Continuing with the theme of USDA projections for livestock markets, this week Tidbits turns its attention to pork.
Like beef, African Swine Fever (ASF) in Asia is forecast to have profound impacts on pork markets next year. The USDA forecasts U.S. pork production this year at 27.62 billion pounds, up 5 percent compared to last year. Imports are projected at 958 million pounds, down from last year, and exports at 6.5 billion pounds, up more than 10 percent. U.S. consumers’ love affair with bacon remains strong. Domestic per capita pork consumption is projected to be 52.1 pounds this year, up more than one pound from last year. Average barrow and gilt prices this year are projected at $48/cwt., just over $2/cwt. higher than last year, mostly due to the larger export volumes and increased domestic consumption.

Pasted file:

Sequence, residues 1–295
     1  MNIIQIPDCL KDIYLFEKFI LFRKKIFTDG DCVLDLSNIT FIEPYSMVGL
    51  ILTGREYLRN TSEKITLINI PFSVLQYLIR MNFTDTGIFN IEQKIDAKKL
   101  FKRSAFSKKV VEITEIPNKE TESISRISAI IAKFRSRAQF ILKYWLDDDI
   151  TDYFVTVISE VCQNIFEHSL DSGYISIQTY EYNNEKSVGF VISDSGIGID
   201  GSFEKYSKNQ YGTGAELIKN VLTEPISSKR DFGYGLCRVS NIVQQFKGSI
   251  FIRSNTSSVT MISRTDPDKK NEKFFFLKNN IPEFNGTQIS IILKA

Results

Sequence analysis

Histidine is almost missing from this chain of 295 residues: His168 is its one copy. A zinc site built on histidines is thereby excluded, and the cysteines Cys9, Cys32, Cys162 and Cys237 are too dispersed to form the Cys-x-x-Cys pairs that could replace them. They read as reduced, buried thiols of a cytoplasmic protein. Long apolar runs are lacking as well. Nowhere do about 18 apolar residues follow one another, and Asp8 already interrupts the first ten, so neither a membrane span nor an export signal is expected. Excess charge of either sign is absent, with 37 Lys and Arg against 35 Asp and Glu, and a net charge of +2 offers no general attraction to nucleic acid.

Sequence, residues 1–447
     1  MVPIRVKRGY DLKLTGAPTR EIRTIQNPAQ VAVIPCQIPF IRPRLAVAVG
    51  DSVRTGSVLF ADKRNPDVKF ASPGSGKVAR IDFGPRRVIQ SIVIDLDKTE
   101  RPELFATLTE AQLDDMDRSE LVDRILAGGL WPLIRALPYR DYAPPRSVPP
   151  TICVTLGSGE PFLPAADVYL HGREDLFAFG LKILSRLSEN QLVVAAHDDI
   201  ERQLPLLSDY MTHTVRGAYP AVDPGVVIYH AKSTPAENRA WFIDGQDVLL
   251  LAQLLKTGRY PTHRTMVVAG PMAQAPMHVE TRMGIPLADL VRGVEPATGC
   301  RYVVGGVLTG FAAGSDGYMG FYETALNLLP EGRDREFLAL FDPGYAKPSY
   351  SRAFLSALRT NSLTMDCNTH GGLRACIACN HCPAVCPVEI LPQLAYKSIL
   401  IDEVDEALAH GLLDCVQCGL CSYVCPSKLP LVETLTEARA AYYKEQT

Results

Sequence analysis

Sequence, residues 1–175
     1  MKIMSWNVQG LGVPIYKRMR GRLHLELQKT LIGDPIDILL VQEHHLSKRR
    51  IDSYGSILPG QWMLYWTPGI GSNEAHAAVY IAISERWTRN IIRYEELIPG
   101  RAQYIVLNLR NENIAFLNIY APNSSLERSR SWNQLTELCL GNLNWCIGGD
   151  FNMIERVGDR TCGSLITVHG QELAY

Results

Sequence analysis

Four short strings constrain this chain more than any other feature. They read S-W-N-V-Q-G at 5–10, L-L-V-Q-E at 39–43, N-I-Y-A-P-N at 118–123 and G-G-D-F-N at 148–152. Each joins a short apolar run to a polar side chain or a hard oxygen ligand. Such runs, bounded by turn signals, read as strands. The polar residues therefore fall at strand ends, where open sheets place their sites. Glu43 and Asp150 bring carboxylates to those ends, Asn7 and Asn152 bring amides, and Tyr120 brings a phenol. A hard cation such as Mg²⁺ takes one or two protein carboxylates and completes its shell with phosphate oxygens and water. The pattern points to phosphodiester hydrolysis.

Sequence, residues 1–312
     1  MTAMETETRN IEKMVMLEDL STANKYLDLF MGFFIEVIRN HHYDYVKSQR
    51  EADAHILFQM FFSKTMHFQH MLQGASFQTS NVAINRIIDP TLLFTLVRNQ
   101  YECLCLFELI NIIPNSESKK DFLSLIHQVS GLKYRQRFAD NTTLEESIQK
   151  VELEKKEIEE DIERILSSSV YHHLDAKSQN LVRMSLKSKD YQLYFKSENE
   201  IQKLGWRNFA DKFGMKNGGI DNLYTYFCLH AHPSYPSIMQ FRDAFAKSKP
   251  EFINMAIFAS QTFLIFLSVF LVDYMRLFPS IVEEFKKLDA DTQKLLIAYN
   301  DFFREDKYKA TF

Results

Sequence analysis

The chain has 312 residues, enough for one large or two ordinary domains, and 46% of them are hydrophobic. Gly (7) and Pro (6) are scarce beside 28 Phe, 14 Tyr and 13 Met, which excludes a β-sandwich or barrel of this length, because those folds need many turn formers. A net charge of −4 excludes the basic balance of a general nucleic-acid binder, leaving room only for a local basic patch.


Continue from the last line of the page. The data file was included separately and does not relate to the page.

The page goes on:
The USDA pegs 2020 pork production at 28.69 billion pounds, 3.8 percent higher than this year. U.S. imports are forecast to be down 4.5 percent and exports are expected to grow 12.4 percent next year—hello China and Asia. The production losses in China and neighboring countries due to ASF will spur increased imports by these countries. U.S. exports to China are expected to grow despite retaliatory tariffs in place on U.S. product. U.S. consumers are forecast to consume 52.2 pounds per person, slightly higher than this year. Hog prices are forecast to surge to an average of $58/cwt., almost 18 percent higher next year.